March is filled with things that suck…it usually means more snow in a single month than we get all winter, Daylight Savings Time begins, St. Patrick’s Day starts out with an optimistic attitude and a clever t-shirt and usually ends with a raging hangover smattered with green beer foam that can’t be scrubbed out of the toilet….and then, burning at the end of this craptastic month, a beacon blazing against the final clutches of winter…Easter.
A holiday of no small consequence in our house, we had it simply paired down to the essential elements, easter egg hunt and HAM! Beautiful, spiral cut, quadruple glazed ham. It’s arrival from the butcher rivaled that of a newborn baby coming home for the very first time…a special place had to be made in the fridge, the shelves raised to accomidate it’s swinely girth, the two party ham delivery team would carry it in carefully, reverantly place it inside, and as it rested there, in the cold recess of the sub-zero…we all anticipated Sunday, when it’s sweet aroma would permeate the entire house…such bliss.
But first things first…the eggs. Coloring eggs, is odd in nature if one is looking on from a completely uninformed standpoint…I mean honestly, if you were from Mars, and you just happened into a house where the family was coloring eggs, wouldn’t you reconsider an interstellar treaty with these beings? It’s that weird…but in defense of the entire process, it’s also dementedly fun…even if you’re a teenager, which my brother and I were the year of the Stigmata Ham…and as we gathered in our kitchen with Mom and Dad to color two dozen eggs, fiddling with the wire dipper and arguing over stickers, because the ducks are MINE damnit, we happily completed a tradition that moved us one step closer to the glorious ham awaiting us, unaware of what was to occur that fateful Sunday.
Easter Sunday, while a much anticipated holiday in our family, was not without it’s quirks. The year of the Stigmata Ham was no exception, and started out as many Easters had in the past. Rising at a leasurely hour, the family gathered around their brightly decorated baskets, mind boggling and gorgeous they were filled with toys and candy, and per our usual tradition, we assembled in the TV room to enjoy a breakfast comprised of their contents, mimosas and watch Ben Hur…as was our custom, paying special attention to the chariot race, where an extra was actually killed, and yet the scene remained uncut and released with his grizzly death forever memorialized on film…..somewhere after that, it would be time for the ham. As we carefully, deliberately and oh-so happily were preparing the ample ham for the oven, without fail, every year, we would recieve what became known as, “The Call”.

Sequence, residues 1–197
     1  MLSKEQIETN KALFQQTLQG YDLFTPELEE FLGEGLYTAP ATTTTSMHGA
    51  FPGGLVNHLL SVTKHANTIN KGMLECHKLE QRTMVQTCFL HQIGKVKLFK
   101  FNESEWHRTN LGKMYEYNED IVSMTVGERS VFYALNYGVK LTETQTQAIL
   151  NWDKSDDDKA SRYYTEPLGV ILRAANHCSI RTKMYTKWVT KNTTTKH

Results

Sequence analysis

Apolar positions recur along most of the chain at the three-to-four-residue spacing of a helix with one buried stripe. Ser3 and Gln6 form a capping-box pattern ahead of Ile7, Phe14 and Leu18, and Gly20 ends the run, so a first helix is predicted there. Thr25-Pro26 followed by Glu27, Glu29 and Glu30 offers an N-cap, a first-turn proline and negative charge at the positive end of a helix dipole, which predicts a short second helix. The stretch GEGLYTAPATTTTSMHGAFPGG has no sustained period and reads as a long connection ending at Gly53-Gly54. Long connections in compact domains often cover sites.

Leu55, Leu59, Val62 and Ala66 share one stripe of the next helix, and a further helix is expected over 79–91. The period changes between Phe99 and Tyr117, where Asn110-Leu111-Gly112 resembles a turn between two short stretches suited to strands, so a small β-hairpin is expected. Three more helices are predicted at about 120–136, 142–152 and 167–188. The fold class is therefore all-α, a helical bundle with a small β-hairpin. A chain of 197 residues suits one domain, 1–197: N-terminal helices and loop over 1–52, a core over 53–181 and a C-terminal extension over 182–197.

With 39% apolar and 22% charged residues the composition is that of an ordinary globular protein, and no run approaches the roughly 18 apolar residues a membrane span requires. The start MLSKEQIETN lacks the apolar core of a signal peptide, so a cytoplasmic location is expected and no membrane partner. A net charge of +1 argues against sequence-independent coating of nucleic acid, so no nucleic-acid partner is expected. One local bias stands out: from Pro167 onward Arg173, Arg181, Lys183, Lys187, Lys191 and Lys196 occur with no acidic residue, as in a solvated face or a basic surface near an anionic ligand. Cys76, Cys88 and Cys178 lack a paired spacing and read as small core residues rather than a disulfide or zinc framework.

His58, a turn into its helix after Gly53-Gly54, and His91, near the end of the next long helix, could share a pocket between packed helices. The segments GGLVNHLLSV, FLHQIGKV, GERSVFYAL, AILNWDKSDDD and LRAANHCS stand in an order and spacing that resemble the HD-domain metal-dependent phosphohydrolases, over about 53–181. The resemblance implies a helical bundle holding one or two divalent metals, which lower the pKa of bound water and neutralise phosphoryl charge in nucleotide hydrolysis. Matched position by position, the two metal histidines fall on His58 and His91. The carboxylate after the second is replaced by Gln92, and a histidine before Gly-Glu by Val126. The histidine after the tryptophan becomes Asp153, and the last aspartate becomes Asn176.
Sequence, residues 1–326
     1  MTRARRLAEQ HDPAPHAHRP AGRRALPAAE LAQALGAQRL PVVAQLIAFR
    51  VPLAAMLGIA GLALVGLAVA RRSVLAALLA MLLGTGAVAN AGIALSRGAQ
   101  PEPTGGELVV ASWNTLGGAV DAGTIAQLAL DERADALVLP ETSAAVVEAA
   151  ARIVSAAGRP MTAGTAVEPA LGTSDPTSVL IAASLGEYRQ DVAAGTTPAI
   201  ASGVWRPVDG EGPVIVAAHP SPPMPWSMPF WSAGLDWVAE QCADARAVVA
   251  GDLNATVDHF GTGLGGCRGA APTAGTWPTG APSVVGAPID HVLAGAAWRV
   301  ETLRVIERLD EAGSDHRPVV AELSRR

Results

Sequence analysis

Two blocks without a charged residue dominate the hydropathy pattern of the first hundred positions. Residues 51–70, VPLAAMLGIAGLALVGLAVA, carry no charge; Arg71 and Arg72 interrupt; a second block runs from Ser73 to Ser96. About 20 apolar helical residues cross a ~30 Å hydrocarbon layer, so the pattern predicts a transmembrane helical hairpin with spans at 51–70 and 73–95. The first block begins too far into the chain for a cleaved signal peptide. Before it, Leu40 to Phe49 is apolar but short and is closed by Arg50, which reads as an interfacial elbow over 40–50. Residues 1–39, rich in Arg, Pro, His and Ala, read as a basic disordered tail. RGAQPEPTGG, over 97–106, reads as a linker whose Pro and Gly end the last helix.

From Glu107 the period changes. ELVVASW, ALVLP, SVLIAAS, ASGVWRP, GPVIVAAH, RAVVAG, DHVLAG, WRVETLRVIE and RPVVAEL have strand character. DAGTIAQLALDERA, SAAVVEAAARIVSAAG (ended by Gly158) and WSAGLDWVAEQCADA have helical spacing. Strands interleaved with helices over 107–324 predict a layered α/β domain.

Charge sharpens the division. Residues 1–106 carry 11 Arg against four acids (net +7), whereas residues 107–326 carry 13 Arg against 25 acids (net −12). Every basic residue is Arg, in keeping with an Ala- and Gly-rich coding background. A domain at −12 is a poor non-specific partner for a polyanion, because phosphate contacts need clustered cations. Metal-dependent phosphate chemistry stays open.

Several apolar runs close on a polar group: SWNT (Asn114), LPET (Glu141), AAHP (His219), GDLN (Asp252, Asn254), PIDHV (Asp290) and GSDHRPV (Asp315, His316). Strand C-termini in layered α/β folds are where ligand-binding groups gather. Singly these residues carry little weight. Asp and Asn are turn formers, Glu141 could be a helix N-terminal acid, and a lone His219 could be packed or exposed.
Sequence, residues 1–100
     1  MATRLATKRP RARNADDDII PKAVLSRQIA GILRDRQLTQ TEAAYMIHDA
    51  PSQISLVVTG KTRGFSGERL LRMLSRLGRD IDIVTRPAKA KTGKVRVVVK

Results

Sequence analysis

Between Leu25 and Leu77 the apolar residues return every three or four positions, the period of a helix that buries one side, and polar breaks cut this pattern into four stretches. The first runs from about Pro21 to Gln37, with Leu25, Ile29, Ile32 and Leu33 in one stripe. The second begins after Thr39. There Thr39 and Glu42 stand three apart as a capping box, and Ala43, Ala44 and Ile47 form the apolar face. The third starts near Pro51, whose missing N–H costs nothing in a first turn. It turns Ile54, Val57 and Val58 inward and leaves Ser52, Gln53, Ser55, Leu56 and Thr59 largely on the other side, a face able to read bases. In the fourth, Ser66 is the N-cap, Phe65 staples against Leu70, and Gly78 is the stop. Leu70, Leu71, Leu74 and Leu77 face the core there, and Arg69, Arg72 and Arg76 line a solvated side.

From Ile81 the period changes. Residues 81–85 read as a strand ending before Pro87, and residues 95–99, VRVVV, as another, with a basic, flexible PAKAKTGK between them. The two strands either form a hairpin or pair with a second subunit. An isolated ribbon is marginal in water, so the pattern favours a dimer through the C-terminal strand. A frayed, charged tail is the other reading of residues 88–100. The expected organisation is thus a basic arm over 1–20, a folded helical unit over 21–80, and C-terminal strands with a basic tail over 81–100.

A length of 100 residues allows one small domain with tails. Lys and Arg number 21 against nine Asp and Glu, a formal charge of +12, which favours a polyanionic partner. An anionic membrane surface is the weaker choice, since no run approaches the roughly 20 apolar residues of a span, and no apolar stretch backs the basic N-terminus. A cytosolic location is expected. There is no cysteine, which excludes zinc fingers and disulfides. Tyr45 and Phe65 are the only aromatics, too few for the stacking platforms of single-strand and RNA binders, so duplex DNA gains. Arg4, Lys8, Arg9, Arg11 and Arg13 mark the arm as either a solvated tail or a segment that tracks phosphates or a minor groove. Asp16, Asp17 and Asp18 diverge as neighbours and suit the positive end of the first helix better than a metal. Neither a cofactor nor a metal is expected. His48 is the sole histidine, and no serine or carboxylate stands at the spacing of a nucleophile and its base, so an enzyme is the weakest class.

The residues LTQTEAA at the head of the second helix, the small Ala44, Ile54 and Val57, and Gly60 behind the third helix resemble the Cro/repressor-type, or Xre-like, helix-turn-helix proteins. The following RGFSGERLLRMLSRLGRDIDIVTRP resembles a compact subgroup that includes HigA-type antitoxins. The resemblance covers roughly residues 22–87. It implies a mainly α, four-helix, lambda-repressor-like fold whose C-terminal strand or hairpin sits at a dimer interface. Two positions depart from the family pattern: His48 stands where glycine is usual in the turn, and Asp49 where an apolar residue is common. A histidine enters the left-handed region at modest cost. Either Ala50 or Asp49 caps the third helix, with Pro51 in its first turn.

“The Call” is a thrice annual event, in which my grandmother calls our home, to make us feel guilty about not attending either Christmas, Easter or Thanksgiving service at the church we never went to anyway, because it was jam packed full of hypocrytical phonies and the pews were uncomfortable….it would start out the same way every time..”Are you still having supper?” she would ask, to which my Father would always reply with no small amount of exhasperation, “Of course we are Mom, we have it every year, don’t we?”…there would be a pause, as if she was turning the page in her script of guilt, “Well, I thought maybe you forgot it was Easter, we missed you at Service.” It is at this point, that she would begin to mention she saved us seats and how many people asked where we were, if we were alright, and how much they missed seeing us, dressed uncomfortably and dutifully trudging into that drafty old building for yet another hour of dreary singing and sermons that seem to go nowhere, while Mr. and Mrs. Noggle snore away in the third pew, and we all pretend not to notice….The Call is usually an event which is thirty minutes in duration, and always ends with, “Well, people noticed you weren’t there is all.” And since there is no response to such tripe, my father would simply say, “See you at three, Mom.”
Having gotten that ugly business out of the way, we were free to complete our remaining Easter traditions, which included setting our dining room table, vacuuming the house, each of us getting showered and dressed as well as laying out the epic Easter Egg hunt which was to occur on the property, after dinner. By the time our guests began arriving, the house was glittering clean, our family as resplendant as the cover of a Sears & Roebuck Catalogthe sweetly tempting smell of ham, in the air, it was Easter, it was happening and soon…the ham would be mine.